[Show abstract][Hide abstract] ABSTRACT: The proper control of tissue growth is essential during normal development and an important problem in human disease. Merlin, the product of the Neurofibromatosis 2 tumor suppressor gene, has been extensively studied to understand its functions in growth control. Here we describe experiments in which we used Drosophila as an in vivo system to test the functions of the normal human NF2 gene products and patient-derived mutant alleles. Although the predominant NF2 gene isoform, isoform 1, could functionally replace the Drosophila Merlin gene, a second isoform with a distinct C-terminal tail could not. Immunofluorescence studies show that the two isoforms have distinct subcellular localizations when expressed in the polarized imaginal epithelium, and function in genetic rescue assays correlates with apical localization of the NF2 protein. Interestingly, we found that a patient-derived missense allele, NF2L64P, appears to be temperature sensitive. These studies highlight the utility of Drosophila for in vivo functional analysis of highly conserved human disease genes.
[Show abstract][Hide abstract] ABSTRACT: Polarized epithelia play crucial roles as barriers to the outside environment and enable the formation of specialized compartments for organs to carry out essential functions. Barrier functions are mediated by cellular junctions that line the lateral plasma membrane between cells, principally tight junctions in vertebrates and septate junctions (SJs) in invertebrates. Over the last two decades, more than 20 genes have been identified that function in SJ biogenesis in Drosophila, including those that encode core structural components of the junction such as Neurexin IV, Coracle and several claudins, as well as proteins that facilitate the trafficking of SJ proteins during their assembly. Here we demonstrate that Macroglobulin complement-related (Mcr), a gene previously implicated in innate immunity, plays an essential role during embryonic development in SJ organization and function. We show that Mcr colocalizes with other SJ proteins in mature ectodermally derived epithelial cells, that it shows interdependence with other SJ proteins for SJ localization, and that Mcr mutant epithelia fail to form an effective paracellular barrier. Tissue-specific RNA interference further demonstrates that Mcr is required cell-autonomously for SJ organization. Finally, we show a unique interdependence between Mcr and Nrg for SJ localization that provides new insights into the organization of the SJ. Together, these studies demonstrate that Mcr is a core component of epithelial SJs and also highlight an interesting relationship between innate immunity and epithelial barrier functions.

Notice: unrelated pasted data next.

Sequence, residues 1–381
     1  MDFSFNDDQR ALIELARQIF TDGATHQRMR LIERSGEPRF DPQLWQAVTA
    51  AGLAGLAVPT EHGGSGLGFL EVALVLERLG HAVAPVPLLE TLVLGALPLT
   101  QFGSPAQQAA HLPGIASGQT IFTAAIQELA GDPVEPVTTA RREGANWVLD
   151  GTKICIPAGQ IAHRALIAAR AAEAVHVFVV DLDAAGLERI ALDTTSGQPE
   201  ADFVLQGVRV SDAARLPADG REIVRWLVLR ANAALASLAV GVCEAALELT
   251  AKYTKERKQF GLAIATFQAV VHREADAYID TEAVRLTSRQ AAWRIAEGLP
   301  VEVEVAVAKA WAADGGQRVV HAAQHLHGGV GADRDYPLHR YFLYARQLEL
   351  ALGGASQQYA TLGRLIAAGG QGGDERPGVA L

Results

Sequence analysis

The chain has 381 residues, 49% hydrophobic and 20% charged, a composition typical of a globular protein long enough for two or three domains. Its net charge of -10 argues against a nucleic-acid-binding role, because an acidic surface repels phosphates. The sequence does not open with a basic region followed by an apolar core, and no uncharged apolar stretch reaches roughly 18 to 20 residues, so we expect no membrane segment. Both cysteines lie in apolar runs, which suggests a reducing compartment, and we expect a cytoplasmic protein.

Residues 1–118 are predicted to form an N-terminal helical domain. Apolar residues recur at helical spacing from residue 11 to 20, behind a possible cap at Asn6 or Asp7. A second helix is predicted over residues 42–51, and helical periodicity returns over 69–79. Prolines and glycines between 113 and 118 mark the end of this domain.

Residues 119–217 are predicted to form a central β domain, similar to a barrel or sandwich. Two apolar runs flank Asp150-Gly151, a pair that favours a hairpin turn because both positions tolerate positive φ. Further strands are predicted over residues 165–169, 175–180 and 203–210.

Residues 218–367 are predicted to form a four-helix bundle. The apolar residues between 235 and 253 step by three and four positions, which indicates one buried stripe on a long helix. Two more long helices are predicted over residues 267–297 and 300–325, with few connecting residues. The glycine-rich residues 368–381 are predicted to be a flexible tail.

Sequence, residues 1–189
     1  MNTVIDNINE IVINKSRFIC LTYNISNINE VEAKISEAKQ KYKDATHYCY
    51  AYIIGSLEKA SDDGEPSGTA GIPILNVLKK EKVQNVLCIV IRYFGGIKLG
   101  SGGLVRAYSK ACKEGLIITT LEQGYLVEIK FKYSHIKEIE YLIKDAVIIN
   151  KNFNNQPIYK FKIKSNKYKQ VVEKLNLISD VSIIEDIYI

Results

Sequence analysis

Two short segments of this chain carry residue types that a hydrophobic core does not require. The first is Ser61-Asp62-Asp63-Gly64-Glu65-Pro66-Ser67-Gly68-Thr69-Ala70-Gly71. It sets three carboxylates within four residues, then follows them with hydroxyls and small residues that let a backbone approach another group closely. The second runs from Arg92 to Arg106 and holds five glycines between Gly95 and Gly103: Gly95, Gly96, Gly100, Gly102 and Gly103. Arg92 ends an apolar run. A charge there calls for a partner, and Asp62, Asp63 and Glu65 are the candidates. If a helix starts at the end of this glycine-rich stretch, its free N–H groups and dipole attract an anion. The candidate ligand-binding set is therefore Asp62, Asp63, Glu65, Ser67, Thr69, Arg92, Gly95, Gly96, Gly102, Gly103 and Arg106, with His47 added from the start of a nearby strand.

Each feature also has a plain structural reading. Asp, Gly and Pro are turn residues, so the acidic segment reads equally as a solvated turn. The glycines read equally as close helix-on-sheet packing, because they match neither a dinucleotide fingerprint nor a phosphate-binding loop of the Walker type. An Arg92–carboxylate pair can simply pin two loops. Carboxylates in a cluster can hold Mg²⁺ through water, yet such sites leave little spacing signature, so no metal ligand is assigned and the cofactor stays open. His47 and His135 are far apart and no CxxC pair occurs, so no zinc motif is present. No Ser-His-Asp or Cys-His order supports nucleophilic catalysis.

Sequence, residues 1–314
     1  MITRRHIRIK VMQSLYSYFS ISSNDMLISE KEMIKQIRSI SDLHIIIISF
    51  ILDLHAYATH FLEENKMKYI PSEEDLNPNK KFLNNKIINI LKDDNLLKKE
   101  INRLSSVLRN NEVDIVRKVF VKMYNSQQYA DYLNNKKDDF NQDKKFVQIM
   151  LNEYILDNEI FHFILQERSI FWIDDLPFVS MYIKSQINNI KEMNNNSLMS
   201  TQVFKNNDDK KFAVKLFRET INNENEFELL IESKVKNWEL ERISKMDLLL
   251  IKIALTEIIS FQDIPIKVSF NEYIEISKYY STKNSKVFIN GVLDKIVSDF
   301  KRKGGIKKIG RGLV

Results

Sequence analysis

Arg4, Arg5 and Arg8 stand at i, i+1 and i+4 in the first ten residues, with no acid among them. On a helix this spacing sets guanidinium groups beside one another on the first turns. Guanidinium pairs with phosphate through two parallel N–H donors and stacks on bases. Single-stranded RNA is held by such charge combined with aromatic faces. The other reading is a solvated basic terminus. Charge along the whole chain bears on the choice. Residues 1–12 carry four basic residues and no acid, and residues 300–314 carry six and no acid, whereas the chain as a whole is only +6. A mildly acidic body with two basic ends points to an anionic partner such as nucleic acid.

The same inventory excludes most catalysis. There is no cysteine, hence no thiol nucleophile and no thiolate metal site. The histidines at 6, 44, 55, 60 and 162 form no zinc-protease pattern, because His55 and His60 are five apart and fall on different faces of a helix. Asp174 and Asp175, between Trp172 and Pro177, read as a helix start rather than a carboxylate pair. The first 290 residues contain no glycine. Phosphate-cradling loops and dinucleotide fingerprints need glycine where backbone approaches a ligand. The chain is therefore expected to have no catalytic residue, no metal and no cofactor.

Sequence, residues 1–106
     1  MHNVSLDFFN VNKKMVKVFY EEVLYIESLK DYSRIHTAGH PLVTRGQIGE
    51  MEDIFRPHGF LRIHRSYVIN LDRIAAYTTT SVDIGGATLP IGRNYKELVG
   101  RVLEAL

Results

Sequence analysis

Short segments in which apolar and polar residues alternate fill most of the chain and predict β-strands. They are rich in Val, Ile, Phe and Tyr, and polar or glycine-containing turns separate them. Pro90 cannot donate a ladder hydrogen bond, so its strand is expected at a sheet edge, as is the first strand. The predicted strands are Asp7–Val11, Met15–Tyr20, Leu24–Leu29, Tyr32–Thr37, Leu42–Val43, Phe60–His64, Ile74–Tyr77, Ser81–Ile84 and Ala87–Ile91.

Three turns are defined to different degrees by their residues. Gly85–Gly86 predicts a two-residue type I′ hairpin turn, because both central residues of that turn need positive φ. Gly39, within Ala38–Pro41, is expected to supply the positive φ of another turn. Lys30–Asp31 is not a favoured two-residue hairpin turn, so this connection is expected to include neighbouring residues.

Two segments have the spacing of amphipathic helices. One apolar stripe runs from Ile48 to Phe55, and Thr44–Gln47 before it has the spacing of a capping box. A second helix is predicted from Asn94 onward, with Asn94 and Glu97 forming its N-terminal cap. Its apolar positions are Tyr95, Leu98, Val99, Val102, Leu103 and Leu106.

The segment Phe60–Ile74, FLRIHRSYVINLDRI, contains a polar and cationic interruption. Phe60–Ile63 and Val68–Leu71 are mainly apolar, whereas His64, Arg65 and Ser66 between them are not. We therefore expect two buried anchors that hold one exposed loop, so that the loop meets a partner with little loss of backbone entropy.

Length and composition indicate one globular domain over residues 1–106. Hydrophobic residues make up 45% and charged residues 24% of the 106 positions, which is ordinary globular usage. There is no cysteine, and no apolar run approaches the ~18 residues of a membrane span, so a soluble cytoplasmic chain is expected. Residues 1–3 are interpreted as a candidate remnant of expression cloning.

[Show abstract][Hide abstract] ABSTRACT: RhoA, a small GTPase, regulates epithelial integrity and morphogenesis by controlling filamentous actin assembly and actomyosin contractility. Another important cytoskeletal regulator, the ERM protein Moesin, has the ability to bind to and organize cortical F-actin as well as the ability to regulate RhoA activity. ERM proteins have been shown previously to interact both with RhoGEFs and RhoGAPs, proteins that control the activation state of RhoA, but the functions of these interactions remain unclear. We demonstrate that Moesin interacts with an unusual RhoGAP, Conundrum, and recruits it to the cell cortex to negatively regulate RhoA activity. In addition, we show that cortically localized Conundrum can promote cell proliferation and that this function requires RhoGAP activity. Surprisingly, Conundrum's ability to promote growth also appears dependent on increased Rac activity. Our results reveal a molecular mechanism by which ERM proteins control RhoA activity, and suggest a novel linkage between the small GTPases RhoA and Rac in growth control.
Full-text · Article · Mar 2013 · Molecular biology of the cell
[Show abstract][Hide abstract] ABSTRACT: Over the past decade, the Hippo tumor suppressor pathway has emerged as a central regulator of growth in epithelial tissues. Research in Drosophila and in mammals has shown that this kinase signaling cascade regulates the activity of the transcriptional coactivator and oncoprotein Yorkie/Yap. In this review, we discuss recent findings that emphasize the cell cortex-specifically the actin cytoskeleton, intercellular junctions, and protein complexes that determine cell polarity-as a key site for Hippo pathway regulation. We also highlight where additional research is needed to integrate known functional interactions between Hippo pathway components.
[Show abstract][Hide abstract] ABSTRACT: Recent studies have shown that the Hippo-Salvador-Warts (HSW) pathway restrains tissue growth by phosphorylating and inactivating the oncoprotein Yorkie. How growth-suppressive signals are transduced upstream of Hippo remains unclear. We show that the Sterile 20 family kinase, Tao-1, directly phosphorylates T195 in the Hippo activation loop and that, like other HSW pathway genes, Tao-1 functions to restrict cell proliferation in developing imaginal epithelia. This relationship appears to be evolutionarily conserved, because mammalian Tao-1 similarly affects MST kinases. In S2 cells, Tao-1 mediates the effects of the upstream HSW components Merlin and Expanded, consistent with the idea that Tao-1 functions in tissues to regulate Hippo phosphorylation. These results demonstrate that one family of Ste20 kinases can activate another and identify Tao-1 as a component of the regulatory network controlling HSW pathway signaling, and therefore tissue growth, during development.